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Karl Duschek at the Mies van der Rohe Haus
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The Law of the Series
Karl Duschek at the Mies van der Rohe Haus in Berlin


Karl Duschek was a brilliant colleague of Anton Stankowski, creator of the Deutsche Bank logo. Now, Berlin’s Mies van der Rohe Haus introduces Duschek’s fine and applied artworks. The exhibition is sponsored by Deutsche Bank.


"Less is more"—Mies van der Rohe’s oft-cited dictum provides an apt motto for Karl Duschek’s exhibition gelb rot blau (yellow red blue). In the works shown at the Mies van der Rohe Haus in Berlin, the Stuttgart-based artist and graphic designer limits himself to primary colors and simple geometric shapes. Duschek’s monochromatic squares and circles pick up on the aesthetic of early modernism, in particular Bauhaus, Constructivism, and de Stijl. A basic theme in his works is the representation of complex structures in a reduced formal language.

The show’s subtitle—frei und angewandt (fine and applied)—signalizes that to Duschek’s mind the boundaries between art and design are blurry. Hence his training as a lithographer from 1967 to 1972 was followed by fine arts studies at the Staatliche Hochschule für Bildende Künste in Braunschweig. Throughout these years, he became deeply involved with Johannes Itten’s color theory, which the Swiss artist and theoretician developed during his tenure at the Bauhaus as a teacher. Duschek’s first serial works already arose during his time at the art academy. In 1972, he began working with Anton Stankowski in his design studio in Stuttgart, where the Deutsche Bank logo was developed in the seventies. The exhibition includes a graphic work in which Duschek varies the colors of the logo Stankowski designed in 1973: in four rows are five variations each on the famous square with the dynamically ascending bar. "Aesthetics is order"— Duschek adopted Stankowski’s motto as one of his maxims.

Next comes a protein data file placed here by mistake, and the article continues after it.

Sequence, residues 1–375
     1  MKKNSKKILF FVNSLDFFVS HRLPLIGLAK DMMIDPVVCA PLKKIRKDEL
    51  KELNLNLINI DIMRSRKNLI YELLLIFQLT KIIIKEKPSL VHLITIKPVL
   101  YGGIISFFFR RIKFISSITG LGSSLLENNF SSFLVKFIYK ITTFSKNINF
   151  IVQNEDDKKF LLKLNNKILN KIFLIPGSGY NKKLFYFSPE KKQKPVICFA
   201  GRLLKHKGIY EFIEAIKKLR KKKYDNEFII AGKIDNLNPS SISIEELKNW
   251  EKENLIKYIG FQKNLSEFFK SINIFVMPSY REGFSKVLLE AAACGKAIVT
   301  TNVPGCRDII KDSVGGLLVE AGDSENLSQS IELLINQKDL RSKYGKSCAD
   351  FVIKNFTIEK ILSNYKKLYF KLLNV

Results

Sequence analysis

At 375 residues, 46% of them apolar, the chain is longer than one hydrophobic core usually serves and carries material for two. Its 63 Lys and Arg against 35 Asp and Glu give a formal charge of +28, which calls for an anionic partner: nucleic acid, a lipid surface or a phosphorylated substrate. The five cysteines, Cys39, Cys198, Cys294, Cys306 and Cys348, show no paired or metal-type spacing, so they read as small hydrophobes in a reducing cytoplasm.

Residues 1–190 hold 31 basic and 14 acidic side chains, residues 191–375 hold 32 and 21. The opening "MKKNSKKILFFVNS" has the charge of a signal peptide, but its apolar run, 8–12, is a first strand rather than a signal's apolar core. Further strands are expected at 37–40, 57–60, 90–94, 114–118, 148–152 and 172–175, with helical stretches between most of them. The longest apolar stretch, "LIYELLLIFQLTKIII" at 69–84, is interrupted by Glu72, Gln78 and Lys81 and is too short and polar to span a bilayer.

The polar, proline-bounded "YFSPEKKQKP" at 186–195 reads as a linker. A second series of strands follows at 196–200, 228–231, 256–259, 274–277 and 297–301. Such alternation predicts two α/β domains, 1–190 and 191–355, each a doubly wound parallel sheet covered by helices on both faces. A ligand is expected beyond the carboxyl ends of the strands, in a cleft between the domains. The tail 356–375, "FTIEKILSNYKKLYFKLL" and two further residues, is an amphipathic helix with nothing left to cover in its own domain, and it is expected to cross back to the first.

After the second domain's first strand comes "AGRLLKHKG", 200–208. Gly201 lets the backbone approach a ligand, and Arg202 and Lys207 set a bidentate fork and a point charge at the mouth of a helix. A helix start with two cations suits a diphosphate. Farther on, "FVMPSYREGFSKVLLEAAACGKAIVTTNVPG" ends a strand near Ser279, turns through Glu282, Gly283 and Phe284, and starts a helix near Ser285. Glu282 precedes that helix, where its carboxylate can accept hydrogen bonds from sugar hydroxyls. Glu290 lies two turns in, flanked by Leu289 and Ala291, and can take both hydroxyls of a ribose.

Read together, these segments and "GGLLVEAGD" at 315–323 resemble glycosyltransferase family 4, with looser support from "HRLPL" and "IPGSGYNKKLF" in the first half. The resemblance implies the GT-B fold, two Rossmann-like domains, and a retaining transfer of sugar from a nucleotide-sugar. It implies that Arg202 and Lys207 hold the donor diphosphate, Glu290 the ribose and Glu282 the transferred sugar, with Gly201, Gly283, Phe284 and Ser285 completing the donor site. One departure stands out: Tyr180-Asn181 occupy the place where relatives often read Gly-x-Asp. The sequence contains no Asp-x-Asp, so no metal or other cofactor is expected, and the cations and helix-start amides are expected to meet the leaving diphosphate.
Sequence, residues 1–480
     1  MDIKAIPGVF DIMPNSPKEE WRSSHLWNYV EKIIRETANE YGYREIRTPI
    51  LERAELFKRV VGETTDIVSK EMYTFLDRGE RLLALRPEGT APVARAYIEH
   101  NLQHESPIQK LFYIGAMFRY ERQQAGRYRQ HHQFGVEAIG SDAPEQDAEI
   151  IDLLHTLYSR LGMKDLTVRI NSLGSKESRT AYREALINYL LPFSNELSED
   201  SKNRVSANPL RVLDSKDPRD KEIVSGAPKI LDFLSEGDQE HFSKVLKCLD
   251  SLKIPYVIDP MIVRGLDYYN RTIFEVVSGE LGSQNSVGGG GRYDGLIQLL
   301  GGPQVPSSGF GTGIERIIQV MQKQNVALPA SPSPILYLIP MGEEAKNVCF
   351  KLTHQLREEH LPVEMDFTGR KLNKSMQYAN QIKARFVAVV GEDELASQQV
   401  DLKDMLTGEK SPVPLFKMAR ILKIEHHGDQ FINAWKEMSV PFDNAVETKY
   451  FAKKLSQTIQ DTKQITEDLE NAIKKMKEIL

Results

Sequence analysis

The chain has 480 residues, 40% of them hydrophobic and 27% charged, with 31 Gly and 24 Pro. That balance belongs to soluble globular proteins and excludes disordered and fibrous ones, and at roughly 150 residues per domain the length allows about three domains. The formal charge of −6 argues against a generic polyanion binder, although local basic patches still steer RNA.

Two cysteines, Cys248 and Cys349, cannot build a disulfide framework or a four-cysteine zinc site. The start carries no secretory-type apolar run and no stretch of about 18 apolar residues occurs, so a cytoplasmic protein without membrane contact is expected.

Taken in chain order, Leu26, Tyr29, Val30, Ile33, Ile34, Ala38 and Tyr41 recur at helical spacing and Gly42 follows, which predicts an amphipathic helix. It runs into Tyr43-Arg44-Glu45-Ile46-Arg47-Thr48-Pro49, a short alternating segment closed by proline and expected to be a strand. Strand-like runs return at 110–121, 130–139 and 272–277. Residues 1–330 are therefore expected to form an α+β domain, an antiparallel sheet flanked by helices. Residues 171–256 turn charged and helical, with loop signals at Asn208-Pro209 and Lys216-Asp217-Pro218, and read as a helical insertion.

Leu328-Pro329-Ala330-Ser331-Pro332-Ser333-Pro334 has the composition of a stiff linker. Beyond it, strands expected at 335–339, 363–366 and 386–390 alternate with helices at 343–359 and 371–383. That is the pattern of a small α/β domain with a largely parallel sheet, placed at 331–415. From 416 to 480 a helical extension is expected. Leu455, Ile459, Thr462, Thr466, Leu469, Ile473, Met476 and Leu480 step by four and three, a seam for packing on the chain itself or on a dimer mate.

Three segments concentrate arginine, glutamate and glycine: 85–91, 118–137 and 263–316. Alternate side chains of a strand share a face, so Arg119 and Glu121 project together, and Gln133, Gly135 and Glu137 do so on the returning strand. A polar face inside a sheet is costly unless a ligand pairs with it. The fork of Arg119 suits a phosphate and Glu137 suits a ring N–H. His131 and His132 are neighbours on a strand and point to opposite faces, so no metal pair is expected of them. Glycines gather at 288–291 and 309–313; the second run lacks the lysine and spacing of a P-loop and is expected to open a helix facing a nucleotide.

Along with older works, the Mies van der Rohe Haus shows installations conceived especially for the exhibition that directly address the architecture of the Bauhaus building and accentuate its rooms with color modules. Moreover, Duschek expands his color fields into the third dimension to include small blocks, cubes, and triangular forms. One of the new pieces refers directly to an iconic work by Mies van der Rohe: Duschek wrapped a wooden block belonging to a wall installation in colored photographs of the materials used in the Barcelona Pavilion. Karl Duschek—gelb rot blau doesn’t merely introduce a classic of Concrete art; at the same time, and concurrent with the 90th anniversary of the founding of the Bauhaus, it also shows just how deep this art school’s mark on contemporary art continues to be.

Karl Duschek
gelb rot blau - frei und angewandt

Mies van der Rohe Haus, Berlin
10/3 – 12/6/2009




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